How to get ahead of the curve in 2013

Even with the high velocity of ideas and information, it seems like policing is often on the trailing edge of innovation. Whether it is our natural conservatism, lack of centralization, or the legal boundaries that confine us, we seem to borrow trends from the world of business and education about the time they are moving on to something new. 

A trend continuing in 2012 is publication of new research findings about the human brain. My hope for policing is that we will tap into the amazing new discoveries in brain science, and that we will not be the last in line to do so. How can brain science improve the profession?

Here are three areas I’ll be focusing on in 2013 where brain science can make a difference:

Increasing Accuracy of Use of Force
For years the public has expected police officers to avoid using force with subjects by “talking them down”, using verbal techniques for de-escalation. Those of us who have dealt with out of control suspects know that’s easier said than done.

Reasoning with someone involves the assumption of their capacity to reason. Nevertheless, understanding aggression, fear, and trauma thinking can reduce uses of force.

The intricacies of the survival mechanism of both the involved officer and the subject can be better understood and countered for better, safer outcomes.

An understanding of the finer points of neural activity of the brain under stress can help officers recognize genuinely dangerous behavior. There are many verbal intervention techniques used by police officers that our newest understanding of the brain explain and expand.

Words are just part of the milieu of avoiding excessive force. Knowing the chemistry of the brain can refine how officers conduct themselves in ways that can provide more effective calming strategies. The knowledge of the officer's own neural and physiological processes can improve the delivery of swift and decisive force when force is needed.

Increasing Productivity in Work-Life Balance
While stress awareness has increased dramatically in law enforcement training, we now have even better information beyond our basic understanding of how to manage stress. Specific cognitive and lifestyle strategies can improve our health, attitude, and productivity.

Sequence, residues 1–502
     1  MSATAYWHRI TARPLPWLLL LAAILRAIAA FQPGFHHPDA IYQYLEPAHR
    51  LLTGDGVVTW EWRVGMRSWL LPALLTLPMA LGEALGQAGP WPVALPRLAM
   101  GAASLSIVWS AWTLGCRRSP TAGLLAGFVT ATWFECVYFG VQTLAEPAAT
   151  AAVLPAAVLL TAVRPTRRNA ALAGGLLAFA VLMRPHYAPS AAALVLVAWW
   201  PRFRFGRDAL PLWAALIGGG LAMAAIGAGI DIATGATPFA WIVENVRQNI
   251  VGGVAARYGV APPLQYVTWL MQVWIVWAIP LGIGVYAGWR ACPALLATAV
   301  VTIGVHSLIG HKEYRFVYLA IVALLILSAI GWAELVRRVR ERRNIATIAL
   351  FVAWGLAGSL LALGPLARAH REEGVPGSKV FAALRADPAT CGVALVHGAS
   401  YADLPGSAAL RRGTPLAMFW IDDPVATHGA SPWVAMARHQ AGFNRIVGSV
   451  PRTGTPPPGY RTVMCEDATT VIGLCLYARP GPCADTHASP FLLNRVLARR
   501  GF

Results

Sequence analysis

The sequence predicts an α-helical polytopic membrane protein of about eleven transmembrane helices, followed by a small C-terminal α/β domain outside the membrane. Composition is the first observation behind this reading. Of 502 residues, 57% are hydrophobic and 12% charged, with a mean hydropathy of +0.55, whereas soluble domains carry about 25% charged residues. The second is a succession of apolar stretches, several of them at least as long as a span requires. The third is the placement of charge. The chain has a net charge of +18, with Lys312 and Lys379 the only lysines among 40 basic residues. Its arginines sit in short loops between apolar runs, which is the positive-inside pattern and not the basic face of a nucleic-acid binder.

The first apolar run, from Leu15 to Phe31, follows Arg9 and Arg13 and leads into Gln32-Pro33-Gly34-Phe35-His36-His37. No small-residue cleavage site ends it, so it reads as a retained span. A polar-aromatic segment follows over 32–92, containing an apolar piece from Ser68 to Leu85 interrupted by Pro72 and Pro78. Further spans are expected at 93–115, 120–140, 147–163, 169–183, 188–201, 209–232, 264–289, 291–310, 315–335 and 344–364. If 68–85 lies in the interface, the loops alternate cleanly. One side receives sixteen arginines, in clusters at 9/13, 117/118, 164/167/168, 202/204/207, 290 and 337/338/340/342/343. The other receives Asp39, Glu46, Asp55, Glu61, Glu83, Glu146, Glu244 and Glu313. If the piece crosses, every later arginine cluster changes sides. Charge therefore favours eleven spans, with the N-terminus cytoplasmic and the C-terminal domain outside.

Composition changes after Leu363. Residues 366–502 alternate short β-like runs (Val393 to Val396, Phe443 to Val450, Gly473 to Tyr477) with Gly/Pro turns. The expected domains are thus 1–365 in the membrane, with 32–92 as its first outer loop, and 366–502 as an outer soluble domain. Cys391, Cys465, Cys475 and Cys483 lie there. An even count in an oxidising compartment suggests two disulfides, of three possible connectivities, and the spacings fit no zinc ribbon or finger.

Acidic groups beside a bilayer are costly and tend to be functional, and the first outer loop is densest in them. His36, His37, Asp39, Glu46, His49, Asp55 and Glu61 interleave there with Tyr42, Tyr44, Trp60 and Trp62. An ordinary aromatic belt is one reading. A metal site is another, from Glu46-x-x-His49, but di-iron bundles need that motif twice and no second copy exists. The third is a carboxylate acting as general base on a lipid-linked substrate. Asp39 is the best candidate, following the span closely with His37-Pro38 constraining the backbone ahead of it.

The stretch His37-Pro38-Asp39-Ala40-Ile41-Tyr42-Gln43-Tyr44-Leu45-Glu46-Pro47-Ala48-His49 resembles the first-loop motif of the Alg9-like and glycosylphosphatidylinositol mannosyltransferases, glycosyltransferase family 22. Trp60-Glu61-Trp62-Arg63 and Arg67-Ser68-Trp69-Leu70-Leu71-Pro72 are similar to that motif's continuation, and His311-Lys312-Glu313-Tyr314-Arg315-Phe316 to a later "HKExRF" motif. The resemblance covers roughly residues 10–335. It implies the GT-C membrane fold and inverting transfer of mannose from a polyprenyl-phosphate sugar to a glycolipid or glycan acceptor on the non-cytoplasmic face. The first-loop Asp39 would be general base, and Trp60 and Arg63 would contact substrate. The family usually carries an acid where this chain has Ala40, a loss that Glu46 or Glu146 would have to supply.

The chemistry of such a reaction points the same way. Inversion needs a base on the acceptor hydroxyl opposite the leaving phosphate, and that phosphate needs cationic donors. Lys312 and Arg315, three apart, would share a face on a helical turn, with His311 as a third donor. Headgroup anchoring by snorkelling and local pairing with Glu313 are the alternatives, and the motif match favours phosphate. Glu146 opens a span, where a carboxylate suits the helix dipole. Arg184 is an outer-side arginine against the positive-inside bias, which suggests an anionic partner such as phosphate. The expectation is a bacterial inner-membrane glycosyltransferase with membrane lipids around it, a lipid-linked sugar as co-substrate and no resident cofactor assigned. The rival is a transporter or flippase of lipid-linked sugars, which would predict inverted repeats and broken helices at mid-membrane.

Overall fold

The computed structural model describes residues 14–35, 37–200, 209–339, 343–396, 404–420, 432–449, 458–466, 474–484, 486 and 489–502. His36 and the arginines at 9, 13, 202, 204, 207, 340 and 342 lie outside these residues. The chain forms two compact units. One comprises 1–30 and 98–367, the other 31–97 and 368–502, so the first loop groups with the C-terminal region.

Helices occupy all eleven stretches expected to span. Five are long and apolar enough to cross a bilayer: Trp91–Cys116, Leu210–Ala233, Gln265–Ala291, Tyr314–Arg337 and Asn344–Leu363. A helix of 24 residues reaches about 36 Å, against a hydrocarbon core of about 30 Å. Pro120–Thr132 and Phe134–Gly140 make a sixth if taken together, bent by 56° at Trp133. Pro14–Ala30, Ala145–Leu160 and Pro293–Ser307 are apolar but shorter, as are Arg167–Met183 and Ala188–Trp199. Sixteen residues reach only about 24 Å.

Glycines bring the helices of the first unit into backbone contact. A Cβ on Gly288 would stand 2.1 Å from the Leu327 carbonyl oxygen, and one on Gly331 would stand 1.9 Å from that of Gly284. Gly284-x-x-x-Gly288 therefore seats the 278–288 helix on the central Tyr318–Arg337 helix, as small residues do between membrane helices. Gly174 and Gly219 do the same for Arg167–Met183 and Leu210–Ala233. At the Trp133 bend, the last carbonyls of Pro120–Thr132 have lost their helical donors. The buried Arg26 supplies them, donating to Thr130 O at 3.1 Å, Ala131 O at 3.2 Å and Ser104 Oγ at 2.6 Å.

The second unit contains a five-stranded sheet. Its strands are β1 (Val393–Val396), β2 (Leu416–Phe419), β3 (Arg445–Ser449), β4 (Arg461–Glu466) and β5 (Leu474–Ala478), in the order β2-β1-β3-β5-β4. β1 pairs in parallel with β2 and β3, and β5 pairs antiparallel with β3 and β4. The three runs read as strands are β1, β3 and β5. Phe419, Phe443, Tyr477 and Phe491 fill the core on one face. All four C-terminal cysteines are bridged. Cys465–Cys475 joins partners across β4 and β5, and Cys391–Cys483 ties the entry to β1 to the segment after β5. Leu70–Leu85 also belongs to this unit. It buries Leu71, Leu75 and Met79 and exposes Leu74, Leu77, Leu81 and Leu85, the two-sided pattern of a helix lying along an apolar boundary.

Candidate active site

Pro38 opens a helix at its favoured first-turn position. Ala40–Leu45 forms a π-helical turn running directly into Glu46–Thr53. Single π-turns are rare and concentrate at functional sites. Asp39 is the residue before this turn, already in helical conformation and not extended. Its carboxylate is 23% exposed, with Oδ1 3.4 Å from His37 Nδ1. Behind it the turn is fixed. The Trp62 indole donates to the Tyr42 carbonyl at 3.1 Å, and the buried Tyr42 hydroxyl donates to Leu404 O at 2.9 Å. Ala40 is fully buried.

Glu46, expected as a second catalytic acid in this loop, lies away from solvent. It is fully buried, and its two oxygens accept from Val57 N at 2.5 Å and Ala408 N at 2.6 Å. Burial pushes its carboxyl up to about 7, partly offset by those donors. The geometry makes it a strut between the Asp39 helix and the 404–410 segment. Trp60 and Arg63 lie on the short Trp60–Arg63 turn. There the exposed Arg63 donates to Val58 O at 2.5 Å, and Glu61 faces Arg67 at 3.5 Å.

Police managers can use this knowledge to engage staff to overcome roadblocks to effective police work.

Can we achieve a more productive workforce while reducing sick time, ethics violations, and citizen complaints? Adding what we know about rebuilding better neural pathways to other sound management principles could make a major difference in a happier, healthier police agency.

Increasing Volume and Retention of Training
There are many findings about learning, retention, and performance that have not made it into mainstream instruction methodology for law enforcement training.

Recent research on optimal learning environments, memory, emotion, and sensory connections show promise in improving learning and behavior. We have the potential to take law enforcement training to a level of efficiency and customization that should excite any police trainer. Maybe we’ll never leave mass lectures and boring power points behind, but what if we improved accessibility and quality of our learning?

With all of our fascination with technology and its benefits to our profession, 2013 might be the year to begin focusing on our most important asset — our own amazing brain!

About the author

Joel Shults operates Street Smart Training and is the founder of the National Center for Police Advocacy.. He is retired as Chief of Police in Colorado. Over his 30 year career in uniformed law enforcement and in criminal justice education Joel has served in a variety of roles: academy instructor, police chaplain, deputy coroner, investigator, community relations officer, college professor, and police chief, among others. Shults earned his doctorate in Educational Leadership and Policy Analysis from the University of Missouri, with a graduate degree in Public Services Administration and bachelors in Criminal Justice Administration from the University of Central Missouri. In addition to service with the US Army military police and CID, Shults has done observational studies with over fifty police agencies across the country. He has served on a number of advisory and advocacy boards including the Colorado POST curriculum committee as a subject matter expert.

Follow Joel on Twitter @ChiefShults.

Contact Joel Shults

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